Quite similarly, about the same time this year, the country got its first fertility clinic, the facility that cost $350,000 (Rwf 237 million), and is awaiting final approval by the Ministry of Health, is expected to offer services like; in vitro fertilisation (IVF), a fertility treatment procedure that enables an egg to be fertilised by a sperm in the laboratory, HIV sperm washing, Intra-uterine Insemination (IUI), egg freezing and storage, among others.
Justin Mfizi, the country coordinator of the center (Kigali IVF and Fertility Clinic) said the the facility will save Rwandans from travelling abroad to seek similar treatment. The clinic hopes to introduce services such as DNA testing, egg/sperm donation, surrogacy services, among others, later.
More about new services in the sector, in February 2013, a local aviation firm, called Akagera, in partnership with King Faisal Hospital, the Rwanda Tour and Travel Association and the Development Bank of Rwanda, launched an air emergency and medical evacuation service, the first of it’s kind in the country, to provide for emergencies where evacuation via ground ambulance is not possible.
The government’s efforts at revamping the health sector have not gone unnoticed, the country has earned praise from international health establishments like World Health Organisation(WHO); becoming a model of quality healthcare delivery to other countries. In May this year, the WHO lauded Rwanda for reducing maternal deaths by 77 per cent since 1990 – meeting the United Nations Millennium Development Goal (MDG 5) of reducing the number of women who die during pregnancy, or shortly after giving birth, by three-quarters, beating the 2015 deadline.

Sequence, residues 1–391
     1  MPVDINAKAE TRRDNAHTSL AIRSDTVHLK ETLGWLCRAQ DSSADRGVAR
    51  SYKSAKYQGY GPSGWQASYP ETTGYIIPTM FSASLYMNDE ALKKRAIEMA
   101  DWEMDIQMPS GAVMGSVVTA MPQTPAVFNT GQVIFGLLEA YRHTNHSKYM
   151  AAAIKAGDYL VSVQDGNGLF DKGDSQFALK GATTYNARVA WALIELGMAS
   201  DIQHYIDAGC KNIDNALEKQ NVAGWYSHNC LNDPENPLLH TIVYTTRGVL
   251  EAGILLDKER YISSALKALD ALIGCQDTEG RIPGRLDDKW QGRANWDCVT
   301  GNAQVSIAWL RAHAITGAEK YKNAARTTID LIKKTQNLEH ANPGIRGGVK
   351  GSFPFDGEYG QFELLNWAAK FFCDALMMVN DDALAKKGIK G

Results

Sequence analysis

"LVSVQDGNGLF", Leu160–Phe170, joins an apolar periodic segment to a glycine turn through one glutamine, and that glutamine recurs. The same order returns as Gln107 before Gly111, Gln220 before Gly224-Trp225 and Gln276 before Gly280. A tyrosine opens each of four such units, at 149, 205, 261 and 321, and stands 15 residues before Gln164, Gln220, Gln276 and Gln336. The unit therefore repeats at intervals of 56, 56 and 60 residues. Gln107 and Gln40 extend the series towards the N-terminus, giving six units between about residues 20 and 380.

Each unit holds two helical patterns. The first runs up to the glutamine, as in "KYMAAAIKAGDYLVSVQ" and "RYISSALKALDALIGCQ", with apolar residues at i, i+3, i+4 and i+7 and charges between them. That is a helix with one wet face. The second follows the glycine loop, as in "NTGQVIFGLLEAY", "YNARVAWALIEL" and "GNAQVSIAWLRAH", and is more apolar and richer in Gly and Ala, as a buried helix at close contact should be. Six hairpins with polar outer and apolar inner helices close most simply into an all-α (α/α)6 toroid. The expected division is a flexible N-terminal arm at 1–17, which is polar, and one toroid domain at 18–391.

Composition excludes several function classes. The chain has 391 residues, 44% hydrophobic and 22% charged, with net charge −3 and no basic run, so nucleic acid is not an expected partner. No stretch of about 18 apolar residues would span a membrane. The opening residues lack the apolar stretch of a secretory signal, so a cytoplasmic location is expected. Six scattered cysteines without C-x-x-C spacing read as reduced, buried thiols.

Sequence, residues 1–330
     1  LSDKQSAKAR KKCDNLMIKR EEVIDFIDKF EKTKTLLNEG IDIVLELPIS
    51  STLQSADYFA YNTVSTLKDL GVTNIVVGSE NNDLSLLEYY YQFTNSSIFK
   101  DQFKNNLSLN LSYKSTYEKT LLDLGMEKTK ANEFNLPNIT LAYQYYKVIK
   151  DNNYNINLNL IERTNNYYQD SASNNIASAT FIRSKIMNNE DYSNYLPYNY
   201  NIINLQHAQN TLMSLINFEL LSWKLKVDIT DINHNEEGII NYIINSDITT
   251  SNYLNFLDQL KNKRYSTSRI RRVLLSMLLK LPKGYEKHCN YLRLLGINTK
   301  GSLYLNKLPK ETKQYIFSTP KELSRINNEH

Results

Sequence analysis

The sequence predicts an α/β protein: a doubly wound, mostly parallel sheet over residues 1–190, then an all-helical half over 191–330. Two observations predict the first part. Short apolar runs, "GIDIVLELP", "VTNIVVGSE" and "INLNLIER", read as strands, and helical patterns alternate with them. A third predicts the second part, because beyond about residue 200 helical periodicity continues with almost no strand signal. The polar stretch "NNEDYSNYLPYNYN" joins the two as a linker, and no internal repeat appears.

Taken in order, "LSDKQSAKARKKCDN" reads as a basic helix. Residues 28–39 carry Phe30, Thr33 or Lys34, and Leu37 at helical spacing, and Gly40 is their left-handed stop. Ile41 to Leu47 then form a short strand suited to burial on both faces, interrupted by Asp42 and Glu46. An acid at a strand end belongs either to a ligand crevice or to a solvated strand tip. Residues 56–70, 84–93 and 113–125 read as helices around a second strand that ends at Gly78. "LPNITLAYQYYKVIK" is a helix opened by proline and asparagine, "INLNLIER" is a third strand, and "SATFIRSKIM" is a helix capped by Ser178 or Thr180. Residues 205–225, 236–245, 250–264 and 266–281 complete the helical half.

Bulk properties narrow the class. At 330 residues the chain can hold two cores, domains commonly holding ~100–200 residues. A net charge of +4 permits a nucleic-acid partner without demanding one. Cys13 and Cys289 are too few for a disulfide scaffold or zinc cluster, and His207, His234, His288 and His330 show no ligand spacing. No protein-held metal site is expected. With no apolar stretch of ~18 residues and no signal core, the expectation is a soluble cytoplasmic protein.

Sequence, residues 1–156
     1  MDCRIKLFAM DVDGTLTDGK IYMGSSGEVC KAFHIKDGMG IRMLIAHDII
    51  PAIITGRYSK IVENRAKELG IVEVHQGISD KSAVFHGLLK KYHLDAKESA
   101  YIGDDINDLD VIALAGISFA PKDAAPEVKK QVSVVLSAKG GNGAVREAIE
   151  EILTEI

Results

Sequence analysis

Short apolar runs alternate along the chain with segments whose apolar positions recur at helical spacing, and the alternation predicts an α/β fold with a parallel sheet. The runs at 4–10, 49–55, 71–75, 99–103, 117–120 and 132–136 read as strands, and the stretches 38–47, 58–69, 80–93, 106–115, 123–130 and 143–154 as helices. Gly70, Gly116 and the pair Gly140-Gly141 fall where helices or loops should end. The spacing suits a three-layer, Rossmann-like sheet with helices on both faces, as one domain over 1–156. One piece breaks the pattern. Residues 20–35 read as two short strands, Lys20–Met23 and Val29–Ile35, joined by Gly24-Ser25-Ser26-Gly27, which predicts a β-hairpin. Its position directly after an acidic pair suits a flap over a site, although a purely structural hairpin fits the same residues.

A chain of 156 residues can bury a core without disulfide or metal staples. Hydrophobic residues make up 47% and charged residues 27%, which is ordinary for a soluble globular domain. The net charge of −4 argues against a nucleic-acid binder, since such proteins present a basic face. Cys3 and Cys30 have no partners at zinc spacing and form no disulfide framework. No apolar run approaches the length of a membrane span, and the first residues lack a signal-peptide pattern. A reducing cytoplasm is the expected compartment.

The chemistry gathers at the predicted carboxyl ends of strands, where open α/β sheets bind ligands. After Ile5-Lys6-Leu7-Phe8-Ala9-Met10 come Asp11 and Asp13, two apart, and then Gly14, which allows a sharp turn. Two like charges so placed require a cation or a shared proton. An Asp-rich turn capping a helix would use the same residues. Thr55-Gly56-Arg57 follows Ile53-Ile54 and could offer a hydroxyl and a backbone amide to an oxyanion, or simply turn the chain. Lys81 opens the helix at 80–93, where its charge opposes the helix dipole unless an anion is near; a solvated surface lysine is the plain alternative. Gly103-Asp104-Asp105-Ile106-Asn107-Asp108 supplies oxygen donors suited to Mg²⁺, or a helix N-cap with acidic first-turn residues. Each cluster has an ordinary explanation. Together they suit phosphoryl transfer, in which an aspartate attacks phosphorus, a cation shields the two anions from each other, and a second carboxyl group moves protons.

“Rwanda deployed community health workers and volunteers to address immediate, urgent health needs,” the report said. “At the same time, the country invested in its long-term vision to build a professional health workforce,” it added.
Rwanda currently leads with a big margin as far as health insurance coverage is concerned in the region, with about 95 per cent coverage, followed by Burundi with 65 per cent, Kenya with 32 per cent, Tanzania 19 per cent, while coverage in Uganda stands at less than 1 per cent.
During a meeting of regional healthcare players in Kigali early July this year, to discuss the possibility of harmonising various national health insurance systems as part of the East African Community integration agenda, a number of delegates from other member states expressed interest in understanding how the local health insurance system works, so they can emulate.
“Rwanda has been successful at implementing the health insurance programme, so we would like to understand how the system works so we can borrow a leaf,” said Dr Robert Basaza, a research scientist with Makerere University who represented Uganda.
The country has also made a name on the research scene; becoming the first African country to host trials on PrePex, a none-surgical method of circumcision that has now been approved by WHO. PrePex has since been rolled out in Uganda, Kenya, Zimbabwe, Botswana, Mozambique, South Africa, Malawi, Swaziland and Zambia.
More foreign patients
All the above developments seem to have cultivated trust about the local health care system not only in people from neighbouring countries, but even world over, which has seen more of them seek it.